Wheaton Warrenville District 200's $132M request defeated

  • Voters in Wheaton Warrenville Unit District rejected a request Tuesday to borrow $132.5 million to pay for building projects at all but one of the district's campuses. Part of the money would have gone to replace the aging and crowded Jefferson Early Childhood Center.

      Voters in Wheaton Warrenville Unit District rejected a request Tuesday to borrow $132.5 million to pay for building projects at all but one of the district's campuses. Part of the money would have gone to replace the aging and crowded Jefferson Early Childhood Center. Mark Black | Staff Photographer

 
 
Updated 4/5/2017 8:48 AM

Wheaton Warrenville Unit District 200 voters on Tuesday rejected a request to borrow $132.5 million to pay for building projects at all of its campuses except Hubble Middle School.

With all 87 precincts reporting, unofficial tallies show 54 percent of voters opposed the measure that would have allowed the district to increase property taxes to pay off the 19-year loan.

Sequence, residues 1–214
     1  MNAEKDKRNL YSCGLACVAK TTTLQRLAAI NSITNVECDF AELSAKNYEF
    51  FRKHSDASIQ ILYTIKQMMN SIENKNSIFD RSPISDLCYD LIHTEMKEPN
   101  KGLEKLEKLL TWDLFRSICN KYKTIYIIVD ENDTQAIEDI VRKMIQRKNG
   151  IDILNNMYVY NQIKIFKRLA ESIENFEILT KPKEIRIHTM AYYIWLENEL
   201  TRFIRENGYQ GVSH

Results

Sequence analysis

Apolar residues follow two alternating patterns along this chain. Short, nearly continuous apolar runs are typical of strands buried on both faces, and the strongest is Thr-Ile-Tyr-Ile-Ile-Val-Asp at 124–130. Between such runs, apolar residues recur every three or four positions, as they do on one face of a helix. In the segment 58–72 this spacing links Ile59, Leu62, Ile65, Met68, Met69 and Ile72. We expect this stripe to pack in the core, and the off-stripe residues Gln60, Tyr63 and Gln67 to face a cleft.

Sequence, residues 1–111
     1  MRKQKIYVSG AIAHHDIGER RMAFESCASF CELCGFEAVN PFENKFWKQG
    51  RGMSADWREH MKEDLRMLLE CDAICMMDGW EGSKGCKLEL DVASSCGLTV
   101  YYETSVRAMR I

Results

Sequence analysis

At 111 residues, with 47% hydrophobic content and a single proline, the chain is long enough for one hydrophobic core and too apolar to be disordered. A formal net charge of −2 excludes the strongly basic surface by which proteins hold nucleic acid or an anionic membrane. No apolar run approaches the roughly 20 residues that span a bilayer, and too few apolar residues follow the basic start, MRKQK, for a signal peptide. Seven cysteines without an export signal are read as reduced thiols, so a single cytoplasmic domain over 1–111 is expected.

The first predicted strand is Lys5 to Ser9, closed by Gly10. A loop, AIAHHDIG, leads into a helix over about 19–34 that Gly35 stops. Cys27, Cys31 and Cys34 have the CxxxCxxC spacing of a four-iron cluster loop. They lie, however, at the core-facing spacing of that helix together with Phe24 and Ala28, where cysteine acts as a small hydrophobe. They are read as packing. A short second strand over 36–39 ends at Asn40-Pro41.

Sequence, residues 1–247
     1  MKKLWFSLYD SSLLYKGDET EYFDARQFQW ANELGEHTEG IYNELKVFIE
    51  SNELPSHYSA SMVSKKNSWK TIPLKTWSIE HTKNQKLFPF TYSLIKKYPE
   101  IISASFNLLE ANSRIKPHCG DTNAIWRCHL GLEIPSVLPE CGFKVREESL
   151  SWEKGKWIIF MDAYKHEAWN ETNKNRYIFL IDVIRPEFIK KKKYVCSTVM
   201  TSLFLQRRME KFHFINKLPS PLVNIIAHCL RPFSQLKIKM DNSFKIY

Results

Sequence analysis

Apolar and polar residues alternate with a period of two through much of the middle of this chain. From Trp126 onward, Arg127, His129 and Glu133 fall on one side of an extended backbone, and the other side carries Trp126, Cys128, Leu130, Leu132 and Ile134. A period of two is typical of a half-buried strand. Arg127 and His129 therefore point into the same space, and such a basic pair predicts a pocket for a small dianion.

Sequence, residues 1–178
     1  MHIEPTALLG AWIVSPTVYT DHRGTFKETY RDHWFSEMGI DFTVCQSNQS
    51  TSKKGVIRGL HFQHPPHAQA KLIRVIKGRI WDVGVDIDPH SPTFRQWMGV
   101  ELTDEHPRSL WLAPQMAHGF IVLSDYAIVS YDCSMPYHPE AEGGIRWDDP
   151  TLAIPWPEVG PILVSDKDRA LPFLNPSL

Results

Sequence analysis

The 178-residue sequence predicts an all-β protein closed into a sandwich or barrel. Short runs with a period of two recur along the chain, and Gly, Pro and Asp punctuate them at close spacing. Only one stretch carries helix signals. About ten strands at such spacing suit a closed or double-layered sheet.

The district sought a substantially larger funding request than a failed attempt four years ago to replace the Jefferson Early Childhood Center.

A five-year, $154.5 million plan by the current school board hinged on voter support of the borrowing request. The proposal called for construction of a new Jefferson Early Childhood Center in addition to repairs and renovations at 18 schools.

Board members -- two of whom won re-election Tuesday -- pledged to set aside $7.5 million from existing reserves and another $14.5 million from future budgets to fill the funding gap in their plan.

But opponents said the proposal was too expensive and suggested the district had underfunded maintenance in schools.

The property tax bill for the owner of a $322,300 home would have increased by $180 to $295 annually for debt service for the first nine years of the loan. After existing debt came off the district's books, that same owner then would have paid $531 annually in additional taxes toward the retirement of the new loan, expected in tax year 2036.

Superintendent Jeff Schuler cautioned that without the loan the district could tap about $6.5 million a year in operational funds for fixes to aging mechanical systems, roofs, plumbing and other infrastructure in schools.

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